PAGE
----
Article Synopsis :
The African reinsurance market is less enthusiastic about the coming 12 months than it was a year ago and anticipates the influence of both economic and political uncertainties despite significant growth in Africa’s economies.
Africa’s economies delivered about 3.5% GDP growth in 2018, similar to the previous year and shade behind the global and emerging market averages of 3.6% and 4.8% respectively.
Yet, insurance premiums grew by 4.9%, and passing the US$ 7.5 billion mark for the first time, according to the authors of the report.
South Africa and Nigeria saw growth and the increasing sophistication of enforcement of risk-based capital regimes and tighter capital requirements make these markets more attractive.
Africa’s low insurance penetration is its greatest opportunity and should grow, but this has not yet happened. The reality has been an almost 10% decline over the past decade from 3.26% in 2008 to 2.98% in 2018. This may be reversed by the expansion of infrastructure and agricultural insurance
There remain many challenges. Trade barriers and over-regulation stifle innovation and limit access to markets. Economic volatility and political unrest are prevalent and both could derail the advances made in recent years.
Geopolitics are not the only concerns, however. Fierce price competition, unprofessional market practices and rising trade barriers are expected to negatively influence profitability and push up costs.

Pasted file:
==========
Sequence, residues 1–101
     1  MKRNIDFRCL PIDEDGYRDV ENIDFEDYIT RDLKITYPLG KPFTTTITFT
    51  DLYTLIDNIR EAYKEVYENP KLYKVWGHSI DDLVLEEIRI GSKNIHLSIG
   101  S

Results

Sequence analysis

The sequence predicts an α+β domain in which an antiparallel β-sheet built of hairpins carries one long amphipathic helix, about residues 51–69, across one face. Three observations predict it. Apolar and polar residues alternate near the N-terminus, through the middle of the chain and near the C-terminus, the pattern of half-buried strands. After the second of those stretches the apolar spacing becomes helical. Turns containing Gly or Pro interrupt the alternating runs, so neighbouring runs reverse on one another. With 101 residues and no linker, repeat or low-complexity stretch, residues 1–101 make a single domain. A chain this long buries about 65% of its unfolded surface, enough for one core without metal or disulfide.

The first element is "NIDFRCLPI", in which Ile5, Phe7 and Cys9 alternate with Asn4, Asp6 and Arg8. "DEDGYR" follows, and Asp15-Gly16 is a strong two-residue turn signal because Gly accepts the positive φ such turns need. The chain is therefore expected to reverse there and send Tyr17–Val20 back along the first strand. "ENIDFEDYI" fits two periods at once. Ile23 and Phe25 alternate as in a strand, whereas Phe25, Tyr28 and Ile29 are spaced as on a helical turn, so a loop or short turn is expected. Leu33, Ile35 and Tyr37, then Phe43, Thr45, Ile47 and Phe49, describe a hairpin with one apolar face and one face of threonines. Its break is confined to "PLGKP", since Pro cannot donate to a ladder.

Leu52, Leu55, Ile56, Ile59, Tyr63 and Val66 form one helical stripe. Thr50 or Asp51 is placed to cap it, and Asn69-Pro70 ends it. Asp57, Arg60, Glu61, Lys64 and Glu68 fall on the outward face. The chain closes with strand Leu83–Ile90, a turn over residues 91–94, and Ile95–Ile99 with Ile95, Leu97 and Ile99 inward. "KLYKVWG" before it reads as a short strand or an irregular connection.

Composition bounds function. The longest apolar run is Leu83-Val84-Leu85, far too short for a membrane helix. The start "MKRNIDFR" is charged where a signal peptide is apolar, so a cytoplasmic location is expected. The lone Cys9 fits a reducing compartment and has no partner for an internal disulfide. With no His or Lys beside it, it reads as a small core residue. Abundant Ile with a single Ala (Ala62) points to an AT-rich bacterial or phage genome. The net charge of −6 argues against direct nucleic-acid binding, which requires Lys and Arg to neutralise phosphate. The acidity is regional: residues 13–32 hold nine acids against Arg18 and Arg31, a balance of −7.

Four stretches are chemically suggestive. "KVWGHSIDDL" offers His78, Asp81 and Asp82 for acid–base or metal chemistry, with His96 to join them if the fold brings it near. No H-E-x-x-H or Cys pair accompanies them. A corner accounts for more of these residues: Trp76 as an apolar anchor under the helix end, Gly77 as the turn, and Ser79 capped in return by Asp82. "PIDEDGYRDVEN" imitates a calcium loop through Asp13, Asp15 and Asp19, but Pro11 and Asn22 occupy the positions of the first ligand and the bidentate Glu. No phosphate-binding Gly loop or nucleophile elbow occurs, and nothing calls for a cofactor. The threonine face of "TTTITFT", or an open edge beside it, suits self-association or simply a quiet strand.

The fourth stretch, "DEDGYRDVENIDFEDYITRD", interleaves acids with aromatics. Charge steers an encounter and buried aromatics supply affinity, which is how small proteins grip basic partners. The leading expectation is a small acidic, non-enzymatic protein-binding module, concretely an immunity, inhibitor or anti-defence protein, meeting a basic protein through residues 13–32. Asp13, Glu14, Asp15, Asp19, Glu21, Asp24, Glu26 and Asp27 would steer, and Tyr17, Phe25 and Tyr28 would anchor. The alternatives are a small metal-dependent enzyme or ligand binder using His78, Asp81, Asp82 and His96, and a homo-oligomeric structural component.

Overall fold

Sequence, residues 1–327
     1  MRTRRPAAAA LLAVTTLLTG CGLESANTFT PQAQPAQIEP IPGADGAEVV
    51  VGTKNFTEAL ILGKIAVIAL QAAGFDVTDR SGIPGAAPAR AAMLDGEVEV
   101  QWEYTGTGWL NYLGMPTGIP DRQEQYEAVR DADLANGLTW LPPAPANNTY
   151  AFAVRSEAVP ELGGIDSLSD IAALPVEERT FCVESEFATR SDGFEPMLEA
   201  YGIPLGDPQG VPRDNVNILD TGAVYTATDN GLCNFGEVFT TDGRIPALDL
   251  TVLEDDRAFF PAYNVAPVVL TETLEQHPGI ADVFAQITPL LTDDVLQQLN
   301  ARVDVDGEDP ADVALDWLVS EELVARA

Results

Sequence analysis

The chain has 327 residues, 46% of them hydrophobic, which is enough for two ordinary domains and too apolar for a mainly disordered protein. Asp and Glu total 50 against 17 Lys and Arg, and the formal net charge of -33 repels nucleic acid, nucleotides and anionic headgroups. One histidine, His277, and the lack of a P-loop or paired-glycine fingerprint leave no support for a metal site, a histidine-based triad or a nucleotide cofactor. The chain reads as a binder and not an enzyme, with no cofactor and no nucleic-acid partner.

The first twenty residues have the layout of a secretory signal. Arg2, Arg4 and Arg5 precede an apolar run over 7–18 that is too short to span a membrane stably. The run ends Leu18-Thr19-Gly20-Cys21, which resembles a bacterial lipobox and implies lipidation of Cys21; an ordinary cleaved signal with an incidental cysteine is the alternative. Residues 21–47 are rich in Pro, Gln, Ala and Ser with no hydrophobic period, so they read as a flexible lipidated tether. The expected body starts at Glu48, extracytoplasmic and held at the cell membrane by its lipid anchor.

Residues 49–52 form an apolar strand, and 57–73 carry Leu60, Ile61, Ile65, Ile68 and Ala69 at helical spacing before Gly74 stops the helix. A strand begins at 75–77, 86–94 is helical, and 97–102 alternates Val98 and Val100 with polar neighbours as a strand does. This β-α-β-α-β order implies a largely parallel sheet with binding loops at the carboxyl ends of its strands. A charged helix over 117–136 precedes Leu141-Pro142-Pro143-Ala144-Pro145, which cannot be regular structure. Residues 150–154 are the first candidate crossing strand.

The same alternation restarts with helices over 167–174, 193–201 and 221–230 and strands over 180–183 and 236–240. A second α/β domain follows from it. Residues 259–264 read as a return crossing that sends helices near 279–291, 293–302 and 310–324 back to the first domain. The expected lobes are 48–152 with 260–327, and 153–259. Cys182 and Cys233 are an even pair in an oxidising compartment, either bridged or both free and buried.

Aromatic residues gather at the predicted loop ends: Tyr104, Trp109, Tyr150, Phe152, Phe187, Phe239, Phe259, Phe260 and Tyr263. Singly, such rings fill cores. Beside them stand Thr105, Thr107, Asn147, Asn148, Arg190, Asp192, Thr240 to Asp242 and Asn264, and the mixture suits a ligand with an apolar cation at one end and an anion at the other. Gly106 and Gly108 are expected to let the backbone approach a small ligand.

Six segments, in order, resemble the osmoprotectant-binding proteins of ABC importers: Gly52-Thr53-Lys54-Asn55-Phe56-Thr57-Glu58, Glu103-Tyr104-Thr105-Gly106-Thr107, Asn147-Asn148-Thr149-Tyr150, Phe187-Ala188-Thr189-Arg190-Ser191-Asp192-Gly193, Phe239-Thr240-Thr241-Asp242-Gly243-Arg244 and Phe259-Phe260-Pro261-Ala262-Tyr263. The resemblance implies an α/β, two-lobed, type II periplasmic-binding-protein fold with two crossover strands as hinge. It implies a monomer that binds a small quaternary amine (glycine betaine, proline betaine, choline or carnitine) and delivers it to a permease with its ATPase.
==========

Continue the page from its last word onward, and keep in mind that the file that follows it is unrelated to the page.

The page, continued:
Natural catastrophes and climate change are also increasing in Africa, indicating it may not retain its low exposure to NatCat for very much longer.
A recovery in rates in 2018 didn’t last long. They are expected to be low or average as a lack in non-technical pricing causes undercutting, poor data quality and unprofessional behaviour.
As regulators tighten their regimes and capital requirements increase, so reinsurers must make use of additional funds that have raised.
Almost 60% viewed profitability as low as a result of rising claims, declining rates and rising costs. Even if rates improve, it will take more than a year for reinsurers to see a rise in profitability.
African providers will dominate, but some foreign players are looking for opportunity. However, the protectionist trend and launch of national reinsurers pushes up the cost of doing business. Local reinsurers need to be compensated for their loss in profitability and must therefore expand.
Exposure and premiums will grow in alignment with or ahead of GDP, but more might be done if they had the resources to deploy insurtech into their markets.
Strategic partnerships, pools or mechanisms of premium exchanges with other local or international reinsurers are being considered as a means to gain access to other markets and funding.
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Digital Insurer's CommentsAfrica is on the cusp of a massive population boom that will see its middle classes and youth markets grow exponentially.
Despite this, African economies struggle with low penetration, structural weaknesses in the industry and the same geopolitical problems that concern businesses around the world. Then there’s the added dimension of protectionism.
Its time will come, but the reinsurance market is a little soft at the moment.
Like every other region, African markets would benefit from digital transformation, but the local players don’t have the cash and the foreign players have yet to make their own transition successfully.
Its a waiting game, but advances in other markets will no doubt see rapid adoption when opportunities – whether finding or regulatory – become more attractive.
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